There are many ways and instances that show how a person’s healing process is different from others. Some people who are actively mourning may not want to talk about the deceased. Whereas, you may have no issue bringing up their name or telling stories about them. For some it may be too hard to see items that belonged to their loved one, but for you this may not be a big deal. Further, it may not be difficult for you to visit the grave of the deceased while it may be incredibly difficult for other mourning friends or family. You may feel connected to your loved one again or comforted by going to their grave, while others may not be able to. You should not feel ashamed of these differences. Instead, embrace them and learn how to heal within your own comfort levels.

God Understands

God is all knowing and loving. If your healing process includes you not showing your emotions, God understands. If you do not want to talk about your loss and keep to yourself, God accepts that as well. He knows how you truly feel and why you heal the way you do because He created you that way. He made you unique. We can take comfort in knowing that He will never compare you to others. He understands that you need to mourn in the way that is best for you. He alone knows what will bring you true comfort and healing. He accepts you for all that you are and how you feel, so lean on Him in times when you aren’t sure how to process your emotions. God will guide you.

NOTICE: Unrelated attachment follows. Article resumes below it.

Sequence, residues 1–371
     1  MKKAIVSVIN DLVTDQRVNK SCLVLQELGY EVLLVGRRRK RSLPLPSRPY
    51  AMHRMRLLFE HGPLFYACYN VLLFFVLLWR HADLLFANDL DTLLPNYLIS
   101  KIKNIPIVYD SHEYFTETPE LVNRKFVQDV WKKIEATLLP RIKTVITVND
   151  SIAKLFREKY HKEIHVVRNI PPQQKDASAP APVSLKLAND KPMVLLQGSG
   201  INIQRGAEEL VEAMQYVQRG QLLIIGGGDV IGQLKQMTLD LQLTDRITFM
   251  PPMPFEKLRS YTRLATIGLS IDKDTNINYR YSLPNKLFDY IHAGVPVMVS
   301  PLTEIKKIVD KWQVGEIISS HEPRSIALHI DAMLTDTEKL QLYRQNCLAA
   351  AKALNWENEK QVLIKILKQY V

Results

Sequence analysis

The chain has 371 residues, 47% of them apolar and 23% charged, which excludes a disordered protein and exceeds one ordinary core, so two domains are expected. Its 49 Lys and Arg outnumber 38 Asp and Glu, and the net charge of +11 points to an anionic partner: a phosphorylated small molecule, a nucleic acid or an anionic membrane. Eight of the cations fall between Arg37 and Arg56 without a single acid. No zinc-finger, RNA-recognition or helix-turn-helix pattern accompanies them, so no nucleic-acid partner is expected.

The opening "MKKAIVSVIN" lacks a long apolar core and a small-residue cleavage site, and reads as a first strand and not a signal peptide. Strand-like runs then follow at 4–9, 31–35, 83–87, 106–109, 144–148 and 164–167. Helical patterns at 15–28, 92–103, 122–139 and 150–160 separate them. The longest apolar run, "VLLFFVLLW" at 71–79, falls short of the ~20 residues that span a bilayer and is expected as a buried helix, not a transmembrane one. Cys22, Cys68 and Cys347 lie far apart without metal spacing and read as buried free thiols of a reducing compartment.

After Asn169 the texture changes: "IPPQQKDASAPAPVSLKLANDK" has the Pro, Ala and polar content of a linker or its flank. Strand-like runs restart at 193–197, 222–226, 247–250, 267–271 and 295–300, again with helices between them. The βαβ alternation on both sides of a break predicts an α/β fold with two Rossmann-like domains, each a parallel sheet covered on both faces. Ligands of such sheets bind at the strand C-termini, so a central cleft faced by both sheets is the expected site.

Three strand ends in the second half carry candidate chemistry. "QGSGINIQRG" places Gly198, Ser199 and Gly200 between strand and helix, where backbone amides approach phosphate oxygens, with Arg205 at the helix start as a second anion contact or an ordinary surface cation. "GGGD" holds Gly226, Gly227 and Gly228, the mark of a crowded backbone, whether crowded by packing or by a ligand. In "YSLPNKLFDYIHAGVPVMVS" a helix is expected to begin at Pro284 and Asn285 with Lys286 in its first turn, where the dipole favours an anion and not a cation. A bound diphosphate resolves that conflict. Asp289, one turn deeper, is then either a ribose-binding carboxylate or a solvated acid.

Post written by Nicole Krantz

Keeping The Faith

To say our world is going through a turbulent time is an understatement. The confusion, anger, and fear that many of us face each day may seem incredibly overwhelming, and mourning the loss of a loved one only adds to this stress. It may be hard to find the motivation to remain hopeful.

However, I’ve found much comfort in the simple phrase: keep the faith.

While this suffering may be new to many of us, we must remember that our world is no stranger to suffering. Whether we look to the Jews of Egypt, those who lived during the time of Jesus Christ, those taken from their homes and sold into slavery, among many other groups – we can see how faith gave them the strength and the perseverance to continue on.

Personally, I look to my Slovenian ancestry for strength. I look to my parents and grandparents who were forced out of their homes due to their religious and political beliefs. They left everything they knew behind, only moving forward with the few items they could carry with them. However, despite their newfound poverty, despite moving as refugees from camp to camp, they found a way to celebrate Mass each Sunday. It was their faith in God’s mercy and love that kept them alive, and it was faith that led them to a better life.

We all face our own unique form of suffering on this earth. It’s very easy to get overwhelmed with our struggles. However, we must remain faithful. We must remember that while we our limited to seeing the here and now, God is eternal. He has led the world through suffering time and time again, and He will always provide us with an everlasting hope.

God bless,

Andrej Lah

June 2020